Yahoo!'s page view numbers (in millions) have broken down as follows:
99Q1 99Q2 99Q3 99Q4 00Q1 00Q2 ---------------------------------- Page views 235 310 385 465 625 ? Seq. Growth 41% 32% 24% 21% 34% ?
Ideally, we'd like to see the average daily page view growth outpace the growth in unique users. This is analogous to a retailer increasing its same-store sales. Yahoo! has grown its page views faster than users for each of the past two quarters. That's another trend we hope will continue.
4) Revenue Growth
Last of our four success metrics is revenue growth. Our first three metrics were forward-looking, or in the parlance of economics, "leading indicators." In contrast, revenue growth is a lagging indicator, but an indicator nonetheless. Revenue growth is the most fundamental measure of business success. Increasing sales come via two avenues, both of which are very good: strong customer demand and pricing power. In the past, Yahoo! has benefited from both factors. Demand for Yahoo!'s marketing services is growing with the Internet, and because of Yahoo!'s dominance in herding eyeballs, the company has been able to increase prices along the way.
Recently, there's been considerable worry that Yahoo! will face lackluster revenues this quarter. Now that Wall Street is no longer throwing money at any old dot-com IPO, many of Yahoo!'s would-be customers in the Internet sector are presumed to have tightened their belts and reduced advertising spending -- and most of Yahoo!'s revenues are tied to advertising. As a result, Yahoo! may suffer this quarter from both lower demand and decreased ability to raise prices. (Rob offers some additional thoughts on this possibility in tonight's Fool on the Hill.)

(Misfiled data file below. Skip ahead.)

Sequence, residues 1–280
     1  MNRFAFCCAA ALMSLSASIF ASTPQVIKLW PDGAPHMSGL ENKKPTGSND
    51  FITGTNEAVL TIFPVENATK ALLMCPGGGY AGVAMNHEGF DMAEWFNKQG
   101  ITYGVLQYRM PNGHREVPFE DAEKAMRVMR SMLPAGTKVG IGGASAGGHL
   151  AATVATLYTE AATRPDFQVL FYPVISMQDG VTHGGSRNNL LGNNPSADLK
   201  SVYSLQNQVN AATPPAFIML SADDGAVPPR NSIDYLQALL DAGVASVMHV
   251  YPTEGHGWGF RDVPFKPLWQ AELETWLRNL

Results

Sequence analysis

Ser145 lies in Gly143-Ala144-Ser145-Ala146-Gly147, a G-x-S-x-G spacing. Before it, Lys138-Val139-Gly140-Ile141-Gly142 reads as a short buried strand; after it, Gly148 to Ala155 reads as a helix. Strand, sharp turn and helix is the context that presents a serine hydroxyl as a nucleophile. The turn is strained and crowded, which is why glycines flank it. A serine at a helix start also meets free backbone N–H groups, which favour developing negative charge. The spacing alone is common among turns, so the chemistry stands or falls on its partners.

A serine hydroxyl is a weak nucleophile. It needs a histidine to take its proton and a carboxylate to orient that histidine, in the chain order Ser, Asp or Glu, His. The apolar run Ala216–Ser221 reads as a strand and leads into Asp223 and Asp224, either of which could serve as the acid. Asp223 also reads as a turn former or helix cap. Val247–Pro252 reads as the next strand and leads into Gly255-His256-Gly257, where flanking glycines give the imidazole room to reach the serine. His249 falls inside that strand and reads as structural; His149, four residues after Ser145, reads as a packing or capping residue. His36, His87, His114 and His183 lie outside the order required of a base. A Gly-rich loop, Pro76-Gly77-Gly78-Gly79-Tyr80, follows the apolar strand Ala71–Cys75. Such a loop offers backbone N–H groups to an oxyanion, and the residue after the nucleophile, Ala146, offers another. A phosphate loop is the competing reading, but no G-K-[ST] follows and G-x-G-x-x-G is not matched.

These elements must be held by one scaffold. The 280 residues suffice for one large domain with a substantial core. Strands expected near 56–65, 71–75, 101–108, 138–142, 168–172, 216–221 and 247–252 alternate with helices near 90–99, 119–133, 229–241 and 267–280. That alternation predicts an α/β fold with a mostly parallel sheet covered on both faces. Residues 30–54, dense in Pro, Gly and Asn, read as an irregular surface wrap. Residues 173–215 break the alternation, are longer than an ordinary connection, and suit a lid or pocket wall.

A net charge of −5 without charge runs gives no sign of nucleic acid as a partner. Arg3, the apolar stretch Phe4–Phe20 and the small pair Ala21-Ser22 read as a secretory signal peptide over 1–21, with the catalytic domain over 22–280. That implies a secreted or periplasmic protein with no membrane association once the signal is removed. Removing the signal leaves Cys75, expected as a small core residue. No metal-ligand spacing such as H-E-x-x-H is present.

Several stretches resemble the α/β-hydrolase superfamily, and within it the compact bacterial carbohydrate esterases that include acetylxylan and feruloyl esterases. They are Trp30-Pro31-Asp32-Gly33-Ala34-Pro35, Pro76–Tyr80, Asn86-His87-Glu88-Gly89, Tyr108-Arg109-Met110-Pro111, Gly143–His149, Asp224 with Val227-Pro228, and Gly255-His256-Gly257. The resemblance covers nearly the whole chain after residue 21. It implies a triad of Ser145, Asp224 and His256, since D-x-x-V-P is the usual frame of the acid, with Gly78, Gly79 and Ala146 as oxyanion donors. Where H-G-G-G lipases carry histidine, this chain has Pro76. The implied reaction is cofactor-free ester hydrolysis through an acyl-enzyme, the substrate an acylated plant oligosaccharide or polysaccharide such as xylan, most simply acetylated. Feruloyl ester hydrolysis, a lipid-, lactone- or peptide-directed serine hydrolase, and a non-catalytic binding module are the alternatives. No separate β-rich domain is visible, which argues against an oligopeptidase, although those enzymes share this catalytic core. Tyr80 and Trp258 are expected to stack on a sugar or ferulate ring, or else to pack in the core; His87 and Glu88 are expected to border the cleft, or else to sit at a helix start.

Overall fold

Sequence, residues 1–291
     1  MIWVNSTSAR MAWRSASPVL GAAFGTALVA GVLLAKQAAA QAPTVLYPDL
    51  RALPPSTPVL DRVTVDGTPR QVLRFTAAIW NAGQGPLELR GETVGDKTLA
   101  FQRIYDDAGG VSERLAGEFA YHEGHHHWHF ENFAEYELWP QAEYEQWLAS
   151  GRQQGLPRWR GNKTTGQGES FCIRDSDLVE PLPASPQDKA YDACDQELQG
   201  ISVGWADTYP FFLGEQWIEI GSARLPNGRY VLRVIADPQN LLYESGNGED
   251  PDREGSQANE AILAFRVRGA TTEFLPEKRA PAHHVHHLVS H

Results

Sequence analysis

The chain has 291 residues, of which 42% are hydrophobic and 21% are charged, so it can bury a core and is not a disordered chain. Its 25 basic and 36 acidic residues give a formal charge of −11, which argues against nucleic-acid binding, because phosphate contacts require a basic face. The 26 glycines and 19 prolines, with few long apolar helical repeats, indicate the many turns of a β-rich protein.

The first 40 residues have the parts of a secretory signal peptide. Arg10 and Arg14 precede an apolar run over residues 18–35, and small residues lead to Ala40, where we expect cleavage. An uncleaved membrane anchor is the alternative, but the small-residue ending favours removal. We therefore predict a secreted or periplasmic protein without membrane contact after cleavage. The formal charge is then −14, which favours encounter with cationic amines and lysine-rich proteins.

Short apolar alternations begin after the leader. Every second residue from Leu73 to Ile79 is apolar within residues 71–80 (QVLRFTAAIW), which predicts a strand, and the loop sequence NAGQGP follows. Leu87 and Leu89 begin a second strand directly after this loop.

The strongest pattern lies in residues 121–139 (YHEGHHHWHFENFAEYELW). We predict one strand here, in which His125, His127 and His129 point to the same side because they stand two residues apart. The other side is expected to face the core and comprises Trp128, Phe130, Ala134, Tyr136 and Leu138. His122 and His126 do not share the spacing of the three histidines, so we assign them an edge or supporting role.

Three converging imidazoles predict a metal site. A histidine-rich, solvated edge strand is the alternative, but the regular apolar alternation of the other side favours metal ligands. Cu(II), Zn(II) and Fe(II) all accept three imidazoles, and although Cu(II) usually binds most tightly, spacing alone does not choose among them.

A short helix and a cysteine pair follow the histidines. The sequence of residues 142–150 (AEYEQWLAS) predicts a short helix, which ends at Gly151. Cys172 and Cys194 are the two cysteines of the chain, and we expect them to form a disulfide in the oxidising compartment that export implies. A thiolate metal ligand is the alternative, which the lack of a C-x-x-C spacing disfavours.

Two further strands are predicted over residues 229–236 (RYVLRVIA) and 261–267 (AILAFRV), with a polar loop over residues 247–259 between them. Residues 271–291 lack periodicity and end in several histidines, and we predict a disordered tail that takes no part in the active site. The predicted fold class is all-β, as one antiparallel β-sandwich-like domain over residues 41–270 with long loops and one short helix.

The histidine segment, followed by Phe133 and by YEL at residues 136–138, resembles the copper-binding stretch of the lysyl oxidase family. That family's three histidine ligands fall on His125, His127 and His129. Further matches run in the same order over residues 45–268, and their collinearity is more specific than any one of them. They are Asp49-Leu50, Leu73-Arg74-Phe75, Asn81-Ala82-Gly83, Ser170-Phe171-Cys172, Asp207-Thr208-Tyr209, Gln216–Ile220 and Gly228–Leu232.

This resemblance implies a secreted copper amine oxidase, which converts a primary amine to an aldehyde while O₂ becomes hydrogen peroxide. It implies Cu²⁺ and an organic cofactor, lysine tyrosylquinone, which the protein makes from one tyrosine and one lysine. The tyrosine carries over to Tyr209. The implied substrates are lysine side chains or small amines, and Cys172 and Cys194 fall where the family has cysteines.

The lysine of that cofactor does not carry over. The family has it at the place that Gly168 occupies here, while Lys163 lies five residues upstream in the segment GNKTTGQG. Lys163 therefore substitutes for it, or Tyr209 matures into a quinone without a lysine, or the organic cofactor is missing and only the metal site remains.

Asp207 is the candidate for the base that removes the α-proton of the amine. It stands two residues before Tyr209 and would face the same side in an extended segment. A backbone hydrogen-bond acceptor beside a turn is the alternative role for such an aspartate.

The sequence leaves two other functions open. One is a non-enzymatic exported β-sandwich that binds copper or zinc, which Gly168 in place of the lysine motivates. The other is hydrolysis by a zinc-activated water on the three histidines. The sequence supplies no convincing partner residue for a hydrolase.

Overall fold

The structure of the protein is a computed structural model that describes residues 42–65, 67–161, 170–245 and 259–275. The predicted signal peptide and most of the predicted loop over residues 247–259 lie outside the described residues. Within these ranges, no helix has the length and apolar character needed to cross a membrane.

Consider, however, that Yahoo!'s customer base is not at all dominated by cash-starved dot-coms. As of last quarter, Yahoo! counted 27 of the Fortune 50 as clients. Increasingly, I believe, Yahoo!'s profitability will come from the world's largest, most successful corporations. According to Advertising Age (one of the industry's most well-regarded trade publications), marketers and advertisers rank Yahoo! highest in both Best Ad Value and Best Environment for Advertising among all major online media companies. I expect Yahoo!'s position as the most highly trafficked Web destination will ensure that it continues to attract droves of clients. It'll be the second-tier portals that get hurt during an advertising slowdown.
For perspective, here's how Yahoo!'s quarterly revenues have looked for the past year:
99Q1 99Q2 99Q3 99Q4 00Q1 00Q2 ---------------------------------- Revenue ($M) 104 129 155 201 228 ? Seq. Growth 25% 24% 20% 30% 13% ?
Last quarter, Yahoo! earned $228.4 million in revenue. The consensus estimate for this quarter is $238.1 million, or 4% sequential growth. I think 10% sequential growth is more likely, which would amount to $251 million. No single quarter does a business make, but over time, Yahoo! needs to keep up an annual sales growth rate of at least 50% in order to justify its steep valuation.
So there you have it -- four items to keep tabs of when Yahoo! reports its second quarter results tomorrow after the bell. Next Monday, I'll examine Yahoo!'s quarter, report on any interesting notes from its conference call, and see how well it performed on the four metrics outlined today, along with some of our other more typical Rule Maker criteria. In the meantime, if you want to really understand Yahoo!'s business, I encourage you to check out Zeke's outstanding Motley Fool Research Report on Yahoo!
Also, if you've ever wondered to yourself, "How on earth can a startup like Yahoo! possibly be considered a Rule Maker? Isn't Rule Maker status reserved for more established blue chips like IBM, BellSouth, and Honeywell?," then this recent thread on the Rule Maker Beginners board will be of interest to you: Take Issue With Rule Maker Guides.
And finally, some big news out of JDS Uniphase (Nasdaq: JDSU) today. Our optical networking Rule Maker announced a substantial acquisition of fellow laser equipment manufacturer, SDL Inc. (Nasdaq: SDLI). To give you an idea of how big this deal is, SDL has a market cap of $25 billion versus JDSU's $80 billion price tag. Bill Mann has the full scoop in today's Fool Plate Special.
- Matt Richey, TMFVerve on the Boards